Construction Journal Entry Week of 2/9/14

2/11/14 (Tuesday) Received a call from Darren Andrews from DNR informing me that the DNR map of our property was not included with my application. I thought I had sent it, but somehow it got lost. I told Darren that I would mail another one to him.

2/12-14/14 I went up to Camp Serendipity for 3 days: Wednesday through Thursday.

On the way I dropped the DNR map in the mail and then proceeded on to Monroe where I had a nice visit with Uncle Charles. The trip over the pass was rainy and a little slushy at the top of the pass. As I drove past the Bartholomew's log cabin project, I saw Nancy standing outside with the workmen. I stopped and chatted with her for a little while. All of their rafters are up and they are just starting on the roof sheathing. I arrived at Camp Serendipity at 12:50.

There was 18 inches of fresh new snow on the ground but fortunately Mike had been in ahead of me and the driveway and parking area were nicely cleared off. I had no trouble driving in and parking.

I checked the end of the water line to make sure it was still running. First I had to stamp out a trail with my boots so that I could walk over to the end of the pipe. I had left the water line discharging through a loose connection between the ball valve the pipe and also squirting out of the end with the valve open just a little. There was enough water spraying out to keep the rest of the water line from freezing and it had made a giant ice sculpture all around it. I closed the valve down tighter to give me better water pressure in the cabin.

Next, I decided against getting the snowshoes out and instead just packed down the trail to the cabin by postholing with my boots. Most of that trail is under a giant tree so the snow wasn't as deep under there. And the snow berm that piles up under the eaves on that side is packed down pretty firmly so it is fairly easy to stamp out a trail over the top of it.

With the trail built, I returned to the truck and carried my gear up to the cabin. Then I went around to the back and stamped out a trail to the flagpole and the mixer. There was a heavy load of snow on top of the mixer so I shoveled it off right after I hoisted the flag.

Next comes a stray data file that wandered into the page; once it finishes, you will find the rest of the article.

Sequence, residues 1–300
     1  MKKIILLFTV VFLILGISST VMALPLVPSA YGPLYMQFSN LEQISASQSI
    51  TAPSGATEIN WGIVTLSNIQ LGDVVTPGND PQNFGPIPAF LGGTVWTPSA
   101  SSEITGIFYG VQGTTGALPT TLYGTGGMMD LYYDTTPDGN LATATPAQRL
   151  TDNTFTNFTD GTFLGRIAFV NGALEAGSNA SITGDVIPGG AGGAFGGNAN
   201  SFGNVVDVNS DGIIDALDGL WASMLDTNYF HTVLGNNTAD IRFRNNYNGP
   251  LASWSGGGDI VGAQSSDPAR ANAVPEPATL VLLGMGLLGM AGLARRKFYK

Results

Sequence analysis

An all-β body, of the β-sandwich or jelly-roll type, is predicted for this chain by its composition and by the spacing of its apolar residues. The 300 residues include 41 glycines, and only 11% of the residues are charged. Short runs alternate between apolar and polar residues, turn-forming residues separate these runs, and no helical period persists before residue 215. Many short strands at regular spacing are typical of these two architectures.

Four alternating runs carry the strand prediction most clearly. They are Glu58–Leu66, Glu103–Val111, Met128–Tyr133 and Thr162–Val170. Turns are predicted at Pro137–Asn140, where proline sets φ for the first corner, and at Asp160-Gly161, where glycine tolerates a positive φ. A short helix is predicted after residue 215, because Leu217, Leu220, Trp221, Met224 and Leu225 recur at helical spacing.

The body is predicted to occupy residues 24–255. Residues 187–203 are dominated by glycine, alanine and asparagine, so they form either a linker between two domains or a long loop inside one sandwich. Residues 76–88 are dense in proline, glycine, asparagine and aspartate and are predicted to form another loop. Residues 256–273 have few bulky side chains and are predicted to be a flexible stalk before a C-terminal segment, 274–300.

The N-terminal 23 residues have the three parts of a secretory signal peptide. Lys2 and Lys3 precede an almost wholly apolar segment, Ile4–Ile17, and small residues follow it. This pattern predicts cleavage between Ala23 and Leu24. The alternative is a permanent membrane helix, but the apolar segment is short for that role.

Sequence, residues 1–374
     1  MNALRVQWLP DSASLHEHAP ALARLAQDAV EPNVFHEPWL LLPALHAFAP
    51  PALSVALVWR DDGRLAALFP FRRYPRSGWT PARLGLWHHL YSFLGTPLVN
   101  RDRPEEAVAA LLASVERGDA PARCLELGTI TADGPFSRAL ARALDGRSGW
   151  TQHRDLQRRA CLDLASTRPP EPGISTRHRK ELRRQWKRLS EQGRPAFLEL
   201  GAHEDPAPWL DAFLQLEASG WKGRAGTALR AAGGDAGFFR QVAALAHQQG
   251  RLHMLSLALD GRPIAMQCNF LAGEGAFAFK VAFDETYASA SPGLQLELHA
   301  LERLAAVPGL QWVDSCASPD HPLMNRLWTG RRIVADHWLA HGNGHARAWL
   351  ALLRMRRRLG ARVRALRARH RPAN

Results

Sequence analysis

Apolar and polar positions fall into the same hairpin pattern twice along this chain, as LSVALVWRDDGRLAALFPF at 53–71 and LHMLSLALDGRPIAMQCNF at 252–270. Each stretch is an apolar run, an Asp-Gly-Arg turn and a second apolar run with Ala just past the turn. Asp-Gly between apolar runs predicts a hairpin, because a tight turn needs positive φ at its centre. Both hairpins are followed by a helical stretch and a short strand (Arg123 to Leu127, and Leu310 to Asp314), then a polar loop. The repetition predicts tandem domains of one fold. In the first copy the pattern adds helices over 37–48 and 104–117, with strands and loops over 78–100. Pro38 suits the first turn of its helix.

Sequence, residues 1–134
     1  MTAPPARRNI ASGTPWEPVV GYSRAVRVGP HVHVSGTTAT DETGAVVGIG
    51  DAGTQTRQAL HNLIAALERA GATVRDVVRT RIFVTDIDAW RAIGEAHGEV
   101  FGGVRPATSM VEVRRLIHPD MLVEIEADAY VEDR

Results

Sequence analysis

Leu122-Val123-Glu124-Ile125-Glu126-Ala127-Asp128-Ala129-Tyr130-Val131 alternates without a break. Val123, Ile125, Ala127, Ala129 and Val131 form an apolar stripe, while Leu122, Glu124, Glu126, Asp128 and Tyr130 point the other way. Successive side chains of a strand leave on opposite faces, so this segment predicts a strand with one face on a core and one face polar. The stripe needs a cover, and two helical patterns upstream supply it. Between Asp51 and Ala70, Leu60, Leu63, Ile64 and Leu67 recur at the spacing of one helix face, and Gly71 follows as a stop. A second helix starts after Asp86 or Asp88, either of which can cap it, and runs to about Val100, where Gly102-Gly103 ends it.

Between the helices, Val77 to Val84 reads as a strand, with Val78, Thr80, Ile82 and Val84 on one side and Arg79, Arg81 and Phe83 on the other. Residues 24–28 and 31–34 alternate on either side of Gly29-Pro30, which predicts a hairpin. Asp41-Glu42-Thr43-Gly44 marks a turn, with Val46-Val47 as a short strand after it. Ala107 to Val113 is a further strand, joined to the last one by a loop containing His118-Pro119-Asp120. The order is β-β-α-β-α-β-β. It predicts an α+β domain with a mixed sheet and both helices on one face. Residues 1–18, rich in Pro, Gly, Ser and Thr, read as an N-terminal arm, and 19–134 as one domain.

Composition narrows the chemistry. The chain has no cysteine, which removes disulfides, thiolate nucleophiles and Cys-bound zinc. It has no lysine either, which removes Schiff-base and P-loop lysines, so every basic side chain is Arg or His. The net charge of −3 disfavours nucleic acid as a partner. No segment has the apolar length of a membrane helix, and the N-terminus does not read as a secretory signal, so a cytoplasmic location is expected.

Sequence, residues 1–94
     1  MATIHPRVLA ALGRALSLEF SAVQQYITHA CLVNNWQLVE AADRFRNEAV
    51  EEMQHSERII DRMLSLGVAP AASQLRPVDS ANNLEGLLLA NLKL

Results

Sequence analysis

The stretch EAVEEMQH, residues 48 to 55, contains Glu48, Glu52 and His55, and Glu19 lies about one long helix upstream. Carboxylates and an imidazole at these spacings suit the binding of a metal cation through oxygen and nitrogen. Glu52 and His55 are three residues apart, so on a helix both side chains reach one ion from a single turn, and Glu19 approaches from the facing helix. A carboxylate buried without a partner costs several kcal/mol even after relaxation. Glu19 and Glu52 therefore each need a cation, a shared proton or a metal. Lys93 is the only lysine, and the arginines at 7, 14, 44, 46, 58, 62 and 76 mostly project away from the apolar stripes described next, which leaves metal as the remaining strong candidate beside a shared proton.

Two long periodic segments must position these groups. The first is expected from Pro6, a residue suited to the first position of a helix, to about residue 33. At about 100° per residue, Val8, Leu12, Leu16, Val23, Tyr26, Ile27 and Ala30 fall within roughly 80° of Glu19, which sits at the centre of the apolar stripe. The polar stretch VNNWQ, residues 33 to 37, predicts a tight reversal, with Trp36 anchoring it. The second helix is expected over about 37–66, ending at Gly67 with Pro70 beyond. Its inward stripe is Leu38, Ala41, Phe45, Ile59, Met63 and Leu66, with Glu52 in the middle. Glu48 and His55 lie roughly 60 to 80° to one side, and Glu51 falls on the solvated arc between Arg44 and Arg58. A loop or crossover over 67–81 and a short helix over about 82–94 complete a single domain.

Then I brought in a load of wood, started a fire in the wood stove, filled the bird feeder which was completely empty, had my lunch, and finally laid down for my nap.

My nap was cut short by a call from Bill. It was a delightful call. We hadn't talked in quite a while and there was a lot to talk about. We talked for about 2 hours so by the time we hung up, there wasn't time left to do any work, but I figured that conversation was worth much more than any work I might have gotten done. I spent the rest of the day cutting up a bunch of firewood.

It rained cats and dogs all night and on Thursday morning I slept in. The temperature was 33 and with the rain I figured we were experiencing a pineapple express. On the chance that it might warm up enough to thaw out the frozen hose, I went down to the end of the water line and hooked the frozen hose up to the valve. I deliberately didn't tighten the connection so that there was enough spray leaking out to keep the line from freezing. I opened the valve all the way so that there would be positive water pressure into the frozen hose and if the hose did happen to thaw enough to allow any flow at all, it wouldn't take long to thaw completely. In that case my pressure in the cabin would drop to zero and I would know that the hose had thawed.